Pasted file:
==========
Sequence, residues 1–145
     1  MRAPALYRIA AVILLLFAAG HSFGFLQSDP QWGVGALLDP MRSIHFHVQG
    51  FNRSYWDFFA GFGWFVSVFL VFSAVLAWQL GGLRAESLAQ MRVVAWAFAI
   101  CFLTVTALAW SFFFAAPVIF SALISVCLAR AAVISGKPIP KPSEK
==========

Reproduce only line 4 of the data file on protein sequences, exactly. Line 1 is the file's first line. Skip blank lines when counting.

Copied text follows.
   101  CFLTVTALAW SFFFAAPVIF SALISVCLAR AAVISGKPIP KPSEK